SAU SAKHI (lit. a book of one hundred anecdotes) is the popular name of Gur Ratan Mal (lit. a string of the Guru`s gems), a work esoteric and prophetic in nature : also problematic as regards the authenticity of its text. Its writer, one Sahib Singh, describes himself only as a scribe who wrote to the dictation of Bhai Gurbakhsh Singh, better known as Bhai Ram Kunvar (1672-1761) and a knowledgeable and honoured member of the retinue of Guru Gobind Singh (1666-1708). The book is meant to be a narrative pertaining to the life of Guru Gobind Singh, supposedly based on the personal knowledge of Bhai Ram Kunvar, although later interpolations and corruption of the text are clearly decipherable.
The extant manuscripts of the work have textual variations. Not all of them liave (lie number of anecdotes matching its popular title. Allegedly written in 1724 or 1734 (the two dates found in the text), 5au Sakhi remained unknown until it was discovered in 1815 in a Brahman family of Thancsar, who presented the manuscript to Sardar Amar Singh Singhpuria. The latter got copies prepared by a scribe, Nattha Singh of Buria. The book contained several allusions, in the form of prophetic utterances of Guru Gobind Singh, to contemporary personages such as Maharaja Ranjit Singh, Rani Sada Kaur, and Ranjit Singh`s Muslim wife, Moran.
It became a much sought after work, though only rarely obtainable.Further changes and interpolations, evidently made after the annexation of the Punjab to British dominions, prophesied the reestablishment of Sikh sovereignty under Maharaja Duleep Singh. This roused the apprehension of the British government and, at their instance, Sir Attar Singh of Bhadaur, translated the book into English in 1873 and got it published at Varanasi. Several Punjabi editions appeared in print from 1890 onwards, the various versions continuing to differ in content and details, especially in respect of prophesies. The book is still popular with Nihangs, who hopefully look forward to the revival of Khalsa rule, and with the Namdharis who interpret some of the allusions in the text as referring to their own movement which was clearly anti British under its leader, Baba Ram Singh (1816-85).
Prophecies bearing on the political aspirations of the Khalsa or the Namdhari Sikhs are not, however, the only or even the principal theme of the Sau Sakhi. Only 15 to 20 anecdotes contain such forecast. Many of the stories are didactic in aim, and follow the pattern of Bhai Mani Singh`s Bhagat Mal, better known as Sikhah dl Bhagat Mala. Guru Gobind Singh is shown as explaining and illustrating philosophical and ethical principles of the Khalsa in answer to questions or doubts raised by the Sikhs.Occasionally, the Guru himself creates situations to elicit pertinent questions.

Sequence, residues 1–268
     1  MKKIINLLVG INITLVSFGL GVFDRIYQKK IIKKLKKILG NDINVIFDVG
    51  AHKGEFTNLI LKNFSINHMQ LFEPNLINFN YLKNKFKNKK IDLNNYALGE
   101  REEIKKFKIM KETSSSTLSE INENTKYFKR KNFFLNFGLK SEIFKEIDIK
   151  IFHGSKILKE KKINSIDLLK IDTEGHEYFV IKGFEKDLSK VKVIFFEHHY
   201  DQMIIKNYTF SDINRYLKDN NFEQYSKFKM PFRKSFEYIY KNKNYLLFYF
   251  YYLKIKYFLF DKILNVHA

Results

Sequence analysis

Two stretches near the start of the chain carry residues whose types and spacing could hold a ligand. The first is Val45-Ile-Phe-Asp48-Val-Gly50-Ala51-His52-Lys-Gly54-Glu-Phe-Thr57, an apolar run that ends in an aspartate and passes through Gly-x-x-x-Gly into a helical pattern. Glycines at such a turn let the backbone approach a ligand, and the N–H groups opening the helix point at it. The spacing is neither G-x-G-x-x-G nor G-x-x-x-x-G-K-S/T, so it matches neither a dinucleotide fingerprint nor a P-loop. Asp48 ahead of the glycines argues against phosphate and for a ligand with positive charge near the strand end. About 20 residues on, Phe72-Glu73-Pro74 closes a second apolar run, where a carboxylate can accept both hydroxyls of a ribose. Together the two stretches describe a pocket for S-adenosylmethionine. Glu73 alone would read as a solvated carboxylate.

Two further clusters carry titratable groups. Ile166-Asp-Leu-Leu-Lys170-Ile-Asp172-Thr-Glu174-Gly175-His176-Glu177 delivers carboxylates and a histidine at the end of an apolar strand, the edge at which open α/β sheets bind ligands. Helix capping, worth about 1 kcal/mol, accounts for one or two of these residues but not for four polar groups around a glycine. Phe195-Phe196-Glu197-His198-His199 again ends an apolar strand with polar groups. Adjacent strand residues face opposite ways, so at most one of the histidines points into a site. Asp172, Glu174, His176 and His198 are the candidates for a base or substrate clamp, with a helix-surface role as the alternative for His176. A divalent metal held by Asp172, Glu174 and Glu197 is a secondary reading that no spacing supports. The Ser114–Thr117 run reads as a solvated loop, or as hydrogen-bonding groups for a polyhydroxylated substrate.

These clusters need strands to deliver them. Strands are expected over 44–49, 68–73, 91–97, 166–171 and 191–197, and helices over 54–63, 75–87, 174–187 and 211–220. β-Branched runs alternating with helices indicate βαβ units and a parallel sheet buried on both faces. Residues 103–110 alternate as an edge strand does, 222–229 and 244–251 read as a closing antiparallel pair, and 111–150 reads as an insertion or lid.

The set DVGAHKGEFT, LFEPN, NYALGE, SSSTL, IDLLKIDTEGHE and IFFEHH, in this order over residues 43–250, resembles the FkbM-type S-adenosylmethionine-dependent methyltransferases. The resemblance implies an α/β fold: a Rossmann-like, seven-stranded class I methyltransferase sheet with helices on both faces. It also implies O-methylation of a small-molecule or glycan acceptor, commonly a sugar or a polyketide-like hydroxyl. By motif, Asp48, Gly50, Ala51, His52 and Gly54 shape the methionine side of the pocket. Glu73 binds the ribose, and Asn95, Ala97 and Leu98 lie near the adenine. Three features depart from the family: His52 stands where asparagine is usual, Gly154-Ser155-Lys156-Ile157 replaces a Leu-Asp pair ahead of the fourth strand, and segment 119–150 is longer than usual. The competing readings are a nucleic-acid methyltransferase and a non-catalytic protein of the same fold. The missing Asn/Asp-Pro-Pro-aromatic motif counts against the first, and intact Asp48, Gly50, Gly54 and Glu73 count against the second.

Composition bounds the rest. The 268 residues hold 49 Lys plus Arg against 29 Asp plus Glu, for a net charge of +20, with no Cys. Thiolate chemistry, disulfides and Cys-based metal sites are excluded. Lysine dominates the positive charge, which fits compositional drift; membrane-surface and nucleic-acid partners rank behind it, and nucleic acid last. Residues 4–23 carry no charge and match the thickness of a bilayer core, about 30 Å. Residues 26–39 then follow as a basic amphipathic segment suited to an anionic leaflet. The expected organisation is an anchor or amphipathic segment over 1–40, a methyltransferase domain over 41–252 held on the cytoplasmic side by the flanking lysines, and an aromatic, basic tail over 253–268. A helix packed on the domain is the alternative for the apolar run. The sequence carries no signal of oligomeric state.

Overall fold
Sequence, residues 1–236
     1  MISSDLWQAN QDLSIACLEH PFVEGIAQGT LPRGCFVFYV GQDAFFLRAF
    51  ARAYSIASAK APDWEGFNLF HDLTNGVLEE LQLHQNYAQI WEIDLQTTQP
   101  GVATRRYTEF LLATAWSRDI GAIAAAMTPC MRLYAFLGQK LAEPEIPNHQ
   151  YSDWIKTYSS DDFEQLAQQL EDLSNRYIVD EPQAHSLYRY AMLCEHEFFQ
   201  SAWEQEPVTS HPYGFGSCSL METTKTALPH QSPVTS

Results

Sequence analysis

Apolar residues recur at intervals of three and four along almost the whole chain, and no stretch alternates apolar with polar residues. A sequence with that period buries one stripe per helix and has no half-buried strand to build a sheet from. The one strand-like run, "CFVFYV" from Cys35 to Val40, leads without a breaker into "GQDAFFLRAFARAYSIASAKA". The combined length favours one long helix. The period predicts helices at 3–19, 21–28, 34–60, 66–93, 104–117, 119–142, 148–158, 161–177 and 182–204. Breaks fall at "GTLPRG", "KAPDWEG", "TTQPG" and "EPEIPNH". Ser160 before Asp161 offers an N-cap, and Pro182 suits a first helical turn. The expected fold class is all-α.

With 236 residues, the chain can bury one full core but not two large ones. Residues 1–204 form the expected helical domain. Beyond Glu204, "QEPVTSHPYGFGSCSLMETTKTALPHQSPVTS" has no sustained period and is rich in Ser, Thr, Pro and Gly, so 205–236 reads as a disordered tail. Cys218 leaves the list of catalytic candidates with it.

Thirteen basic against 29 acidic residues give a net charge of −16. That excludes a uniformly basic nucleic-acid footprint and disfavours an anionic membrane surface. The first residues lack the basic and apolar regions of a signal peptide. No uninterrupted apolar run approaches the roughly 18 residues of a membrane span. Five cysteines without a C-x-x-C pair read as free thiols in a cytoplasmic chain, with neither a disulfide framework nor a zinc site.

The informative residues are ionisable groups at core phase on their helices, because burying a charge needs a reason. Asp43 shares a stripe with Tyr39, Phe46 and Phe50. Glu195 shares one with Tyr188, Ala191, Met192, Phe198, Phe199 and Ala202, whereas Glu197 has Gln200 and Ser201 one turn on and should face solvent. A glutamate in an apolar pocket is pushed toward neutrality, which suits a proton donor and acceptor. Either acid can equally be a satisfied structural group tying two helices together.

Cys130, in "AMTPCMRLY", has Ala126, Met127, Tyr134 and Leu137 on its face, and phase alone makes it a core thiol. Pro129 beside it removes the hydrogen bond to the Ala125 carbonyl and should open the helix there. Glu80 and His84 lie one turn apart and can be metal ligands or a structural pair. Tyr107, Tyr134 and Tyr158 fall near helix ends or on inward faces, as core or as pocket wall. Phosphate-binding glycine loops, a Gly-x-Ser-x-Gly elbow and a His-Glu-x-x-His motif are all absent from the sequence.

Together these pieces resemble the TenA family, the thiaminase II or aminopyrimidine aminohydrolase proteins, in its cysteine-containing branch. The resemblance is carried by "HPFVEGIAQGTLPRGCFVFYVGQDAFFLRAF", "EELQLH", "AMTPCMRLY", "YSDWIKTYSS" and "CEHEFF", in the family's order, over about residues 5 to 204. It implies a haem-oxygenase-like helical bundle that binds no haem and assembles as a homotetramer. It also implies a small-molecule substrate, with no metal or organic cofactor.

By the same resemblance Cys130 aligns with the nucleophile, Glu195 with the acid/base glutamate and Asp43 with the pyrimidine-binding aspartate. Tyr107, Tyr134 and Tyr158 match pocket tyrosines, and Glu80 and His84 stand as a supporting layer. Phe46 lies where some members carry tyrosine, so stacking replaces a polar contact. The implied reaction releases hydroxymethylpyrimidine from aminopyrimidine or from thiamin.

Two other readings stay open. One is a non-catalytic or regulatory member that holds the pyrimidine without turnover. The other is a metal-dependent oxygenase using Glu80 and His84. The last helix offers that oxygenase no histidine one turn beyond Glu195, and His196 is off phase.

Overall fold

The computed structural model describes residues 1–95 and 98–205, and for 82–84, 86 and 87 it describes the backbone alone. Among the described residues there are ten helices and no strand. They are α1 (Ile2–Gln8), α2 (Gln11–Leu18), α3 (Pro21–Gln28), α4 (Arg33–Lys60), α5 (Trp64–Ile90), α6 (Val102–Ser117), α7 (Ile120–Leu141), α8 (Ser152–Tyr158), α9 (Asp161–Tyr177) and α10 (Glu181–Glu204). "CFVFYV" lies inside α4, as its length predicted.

Resort is had to fables and mythology. Some of the stories descibe the battles fought by the Sikhs under Guru Gobind Singh`s leadership, while other give an account of learned discussions among poets and scholars he had engaged. Two chapters in verse lay down the Sikh code of conduct in the style of the Rahitnamas. Another is a discourse on worldly wisdom and diplomacy. The book has some historical value too, but has to be used with great care because of several anachronisms, misstatements, interpolations and motivated turns given to the text by different scribes.
From the literary point of view, Sau Sakhi is a mixed fare. It is partly prose and partly verse. Punjabi is generally used for prose and Hindi for verse. Its anecdotal style and frequent use of narration in the first person, coupled with its euphoric, picturization of the future, make it interesting, but the idiom at places is loo terse and obscure. On the other hand, this very obscurity lending itself to varying interpretations, heightens its appeal. It seems 5au Sakhi was a part of a larger volume, Panj Sail Sakhi or five hundred anecdotes, no longer extant, which formed the basis of some of the episodes in Bhai Santokh Singh, Gur Pratap Suraj Granth.
1. Nayyar, G.S., ed., Gur Ratan Mal : Sau Sakhi, Patiala, 1985